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LED hallway lighting

Discussion in 'Electronic Basics' started by Ray, Apr 3, 2005.

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  1. Ray

    Ray Guest

    What I want to do is use 6 white LEDs that are rated at 3.5V forward v and
    max forward I at 30mA. I am going to use 4 1500mAh NiCad sub c batteries
    (because I have a few of them)in series to power up the LEDs in parallel. I
    know that I'll need about 50-75ohm resistance to limit the current to about
    25mA.

    I plan on using a 12V dc wall transformer to power the LEDs and charge the
    batteries when the power is on. What I want to happen is when the house
    power is on, the batteries get charged and then switch to trickle charge to
    maintain them and power the LEDs all the time. When the house power goes
    out, the batteries will power the LEDs.

    The system should work something like an exit sign from www.dual-lite.com

    What I'm looking for is a schematic for the exit signs from the link above
    or a simular type circuit.


    -Ray
     
  2. Those nicad C cells are 1.2V, not 1.5V. Thus, your resistors should be a
    bit smaller. However, 30mA is pretty high for most LEDs, so perhaps a
    larger resistor will let them live a bit longer.

    The other issue is that charging the batteries when they are in series
    is a potential problem, since if one of the cells fails to charge, the
    other cells will get toasted.

    Nicads like constant current at 0.1C, so a constant current charger of
    150mA is appropriate for these guys. However, you also need to notice
    when they get charged up, and turn off the current until they drop some
    amount.

    A constant current source is easy to make out of an LM317, a reference,
    and a comparator. You turn off the LM317 by pulling the common output to
    ground using the comparator output. The comparator needs enough
    hysteresis to not turn on until it gets down to 4.6, and turn off at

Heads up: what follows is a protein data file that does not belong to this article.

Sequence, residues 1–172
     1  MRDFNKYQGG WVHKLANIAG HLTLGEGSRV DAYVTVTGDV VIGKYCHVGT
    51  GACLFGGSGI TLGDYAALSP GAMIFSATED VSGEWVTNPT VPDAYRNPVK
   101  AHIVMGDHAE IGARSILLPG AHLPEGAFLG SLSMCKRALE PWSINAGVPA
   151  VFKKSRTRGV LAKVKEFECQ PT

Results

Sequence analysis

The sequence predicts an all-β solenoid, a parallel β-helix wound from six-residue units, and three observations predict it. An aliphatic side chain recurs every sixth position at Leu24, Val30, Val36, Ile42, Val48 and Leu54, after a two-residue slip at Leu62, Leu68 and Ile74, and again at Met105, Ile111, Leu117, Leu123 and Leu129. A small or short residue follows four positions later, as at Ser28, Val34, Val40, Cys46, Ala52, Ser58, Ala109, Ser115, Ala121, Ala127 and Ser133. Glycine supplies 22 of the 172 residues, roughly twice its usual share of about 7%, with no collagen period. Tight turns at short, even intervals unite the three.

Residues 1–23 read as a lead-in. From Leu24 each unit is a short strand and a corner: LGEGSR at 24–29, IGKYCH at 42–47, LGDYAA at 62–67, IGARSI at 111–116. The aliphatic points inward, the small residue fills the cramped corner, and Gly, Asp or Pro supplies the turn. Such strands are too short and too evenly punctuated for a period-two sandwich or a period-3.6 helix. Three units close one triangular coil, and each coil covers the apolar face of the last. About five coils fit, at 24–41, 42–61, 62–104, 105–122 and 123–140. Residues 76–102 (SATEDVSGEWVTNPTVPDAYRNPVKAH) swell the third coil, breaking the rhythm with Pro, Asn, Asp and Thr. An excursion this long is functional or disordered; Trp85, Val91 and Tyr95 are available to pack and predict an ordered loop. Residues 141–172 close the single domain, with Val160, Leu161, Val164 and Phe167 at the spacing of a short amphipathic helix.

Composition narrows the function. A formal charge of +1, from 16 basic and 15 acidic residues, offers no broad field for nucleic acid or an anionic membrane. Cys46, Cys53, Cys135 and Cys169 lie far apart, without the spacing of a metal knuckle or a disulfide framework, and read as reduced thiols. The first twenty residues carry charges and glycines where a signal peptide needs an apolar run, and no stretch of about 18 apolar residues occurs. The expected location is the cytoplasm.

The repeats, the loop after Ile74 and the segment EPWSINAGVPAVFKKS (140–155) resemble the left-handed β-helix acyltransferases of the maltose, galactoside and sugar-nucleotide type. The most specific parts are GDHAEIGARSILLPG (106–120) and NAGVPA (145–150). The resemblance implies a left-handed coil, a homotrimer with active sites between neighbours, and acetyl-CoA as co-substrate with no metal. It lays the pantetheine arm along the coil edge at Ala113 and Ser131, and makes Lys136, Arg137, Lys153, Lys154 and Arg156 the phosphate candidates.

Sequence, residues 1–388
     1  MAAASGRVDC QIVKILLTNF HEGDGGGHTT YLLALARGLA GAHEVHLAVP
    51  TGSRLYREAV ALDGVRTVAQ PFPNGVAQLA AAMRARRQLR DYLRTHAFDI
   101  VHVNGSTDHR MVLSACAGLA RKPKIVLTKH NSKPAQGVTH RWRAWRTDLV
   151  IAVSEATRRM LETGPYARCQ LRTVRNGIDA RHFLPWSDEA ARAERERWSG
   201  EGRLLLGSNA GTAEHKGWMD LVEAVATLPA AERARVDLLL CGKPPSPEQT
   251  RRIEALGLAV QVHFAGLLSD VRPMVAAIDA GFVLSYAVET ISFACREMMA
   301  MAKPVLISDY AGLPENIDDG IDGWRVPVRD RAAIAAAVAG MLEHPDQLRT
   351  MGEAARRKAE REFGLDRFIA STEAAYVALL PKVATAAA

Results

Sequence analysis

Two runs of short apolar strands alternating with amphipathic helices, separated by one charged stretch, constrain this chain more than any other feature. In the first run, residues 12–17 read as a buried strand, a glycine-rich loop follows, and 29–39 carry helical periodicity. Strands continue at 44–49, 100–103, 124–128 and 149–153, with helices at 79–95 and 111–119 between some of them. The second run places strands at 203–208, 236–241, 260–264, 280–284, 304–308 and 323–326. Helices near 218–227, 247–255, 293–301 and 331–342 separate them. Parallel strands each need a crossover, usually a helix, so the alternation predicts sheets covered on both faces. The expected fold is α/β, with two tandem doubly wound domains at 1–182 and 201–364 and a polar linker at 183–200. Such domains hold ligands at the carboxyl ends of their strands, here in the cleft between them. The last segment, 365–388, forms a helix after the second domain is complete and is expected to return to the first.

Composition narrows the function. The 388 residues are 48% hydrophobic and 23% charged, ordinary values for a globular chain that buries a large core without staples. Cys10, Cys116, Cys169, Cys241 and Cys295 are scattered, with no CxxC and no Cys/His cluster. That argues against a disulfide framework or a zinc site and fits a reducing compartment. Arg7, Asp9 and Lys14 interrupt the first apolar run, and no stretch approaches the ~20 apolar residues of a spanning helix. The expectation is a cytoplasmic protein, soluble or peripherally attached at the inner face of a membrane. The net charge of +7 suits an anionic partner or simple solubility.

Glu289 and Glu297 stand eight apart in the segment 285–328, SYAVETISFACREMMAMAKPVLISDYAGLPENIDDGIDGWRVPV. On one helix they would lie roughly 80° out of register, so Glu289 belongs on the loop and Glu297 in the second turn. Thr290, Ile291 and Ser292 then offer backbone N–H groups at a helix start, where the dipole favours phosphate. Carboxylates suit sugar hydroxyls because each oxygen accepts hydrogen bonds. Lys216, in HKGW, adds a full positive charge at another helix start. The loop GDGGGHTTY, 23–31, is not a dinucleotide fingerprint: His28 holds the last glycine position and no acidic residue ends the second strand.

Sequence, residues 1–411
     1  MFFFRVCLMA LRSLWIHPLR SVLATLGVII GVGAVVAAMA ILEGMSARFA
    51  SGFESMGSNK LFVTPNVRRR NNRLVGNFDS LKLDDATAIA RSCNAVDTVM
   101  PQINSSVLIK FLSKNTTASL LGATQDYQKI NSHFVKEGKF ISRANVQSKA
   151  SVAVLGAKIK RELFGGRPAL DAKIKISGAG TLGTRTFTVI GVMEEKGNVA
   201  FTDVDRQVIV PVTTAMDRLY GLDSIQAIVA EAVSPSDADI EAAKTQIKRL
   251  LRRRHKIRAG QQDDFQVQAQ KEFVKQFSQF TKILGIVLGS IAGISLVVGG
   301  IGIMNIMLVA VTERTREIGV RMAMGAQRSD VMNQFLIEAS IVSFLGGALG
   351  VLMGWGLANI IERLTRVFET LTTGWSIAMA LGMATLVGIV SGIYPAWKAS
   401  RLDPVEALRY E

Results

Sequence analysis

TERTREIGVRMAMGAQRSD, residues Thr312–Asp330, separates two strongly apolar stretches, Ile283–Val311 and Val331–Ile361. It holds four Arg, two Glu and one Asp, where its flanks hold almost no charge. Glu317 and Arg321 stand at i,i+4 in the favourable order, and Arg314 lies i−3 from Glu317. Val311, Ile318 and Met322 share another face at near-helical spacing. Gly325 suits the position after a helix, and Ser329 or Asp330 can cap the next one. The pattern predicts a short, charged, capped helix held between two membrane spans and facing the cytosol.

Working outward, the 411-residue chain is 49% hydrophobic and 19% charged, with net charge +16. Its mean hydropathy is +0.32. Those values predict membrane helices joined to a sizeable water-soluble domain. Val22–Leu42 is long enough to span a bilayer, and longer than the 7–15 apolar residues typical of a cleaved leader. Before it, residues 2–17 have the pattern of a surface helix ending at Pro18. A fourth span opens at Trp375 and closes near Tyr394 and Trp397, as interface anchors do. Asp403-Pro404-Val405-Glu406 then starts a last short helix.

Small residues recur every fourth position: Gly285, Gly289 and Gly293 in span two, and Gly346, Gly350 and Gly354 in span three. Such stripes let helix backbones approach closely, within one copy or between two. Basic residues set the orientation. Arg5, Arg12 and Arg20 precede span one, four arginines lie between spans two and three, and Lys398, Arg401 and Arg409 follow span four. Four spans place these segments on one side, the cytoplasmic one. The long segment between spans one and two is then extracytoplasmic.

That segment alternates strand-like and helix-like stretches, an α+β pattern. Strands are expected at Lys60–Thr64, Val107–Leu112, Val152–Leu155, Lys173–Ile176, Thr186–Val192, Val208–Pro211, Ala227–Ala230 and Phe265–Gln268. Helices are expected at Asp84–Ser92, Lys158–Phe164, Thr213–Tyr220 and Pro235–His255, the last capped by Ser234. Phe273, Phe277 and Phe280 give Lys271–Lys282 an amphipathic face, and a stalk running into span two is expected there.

4.8. A normal recharge circuit would wait until 4.4V, but for a system
    like this, seems like you would want to keep the batteries as high as
    possible without frying them with overcharge or trickle.

    12V
    | Constant Current Charger 150mA
    V With shutoff at 4.8V, Turnon at 4.6V
    -
    |
    o--. .------------------------------------.
    | | | |
    .-. | | _____ |
    1k| | | | | | ___ |
    | | '----------------)---------------|LM317|--|___|----. |
    '-' | |_____| 12R | |
    | | LM339 | ___ | |
    o----. | o-----|___|----o |
    | | | |\ | 10K | |
    .-. | '----|-\ | o--'
    10k| | | ___ | >----------o |
    | | o------|___|---o----|+/ | 4.8V ---
    '-' | 1k | |/ | -
    | | K | | |
    | R - TL431A | ___ | |
    o----^ '-----|___|--------' |
    | | 22k |
    .-. | A |
    11k| | | |
    | | | |
    '-' | |
    | | |
    -o----o------------------------------------------------'
    (created by AACircuit v1.28.5 beta 02/06/05 www.tech-chat.de)

    You should also use a 12V relay, which is set up so that if the coil is
    powered, the LEDs are powered from a 5V regulator driven off of the 12V
    DC input; otherwise, they are powered from the batteries.

    When the power goes out, the relay switches, and the LEDs are powered by
    the battery. The LEDs need their own resistors, of course.

    --
    Regards,
    Robert Monsen

    "Your Highness, I have no need of this hypothesis."
    - Pierre Laplace (1749-1827), to Napoleon,
    on why his works on celestial mechanics make no mention of God.
     
  3. Ray

    Ray Guest

    Thanks, that's exactly what I was looking for.

    30mA is the maximum current rating of these LEDs. They can take up to
    about 100mA and then the genie is released. They probably won't last the
    100,000 hours at 30mA. Your eye can't tell the difference in brightness
    when powering them with 20 - 30mA, so I will keep them down around 20mA or
    less.
     
  4. dB

    dB Guest

    Don't wire the l.e.ds in parallel and use a common R. Use a separate
    R for each l.e.d.
     
  5. Tom Biasi

    Tom Biasi Guest

    I agree.
     
  6. GotCoffee

    GotCoffee Guest

    What's the benefit of using seperate resistors as long as you keep the
    power thru the resistor below the watt rating?
     
  7. The problem is that LEDs vary as to the amount of current they require
    at a given voltage, and the ratio of currents is exponential in changes
    of voltage. Thus, even a tiny difference in devices can cause a big
    current difference, leading to one LED which is much brighter than the
    others. Since this difference gets bigger as the device gets hotter, the
    bright LED will tend to get brighter as it heats up. This can cause it
    to fail.

    The typical solution is to use separate resistors, because even a little
    bit of resistance will tend to compensate for this tendency.

    --
    Regards,
    Robert Monsen

    "Your Highness, I have no need of this hypothesis."
    - Pierre Laplace (1749-1827), to Napoleon,
    on why his works on celestial mechanics make no mention of God.
     
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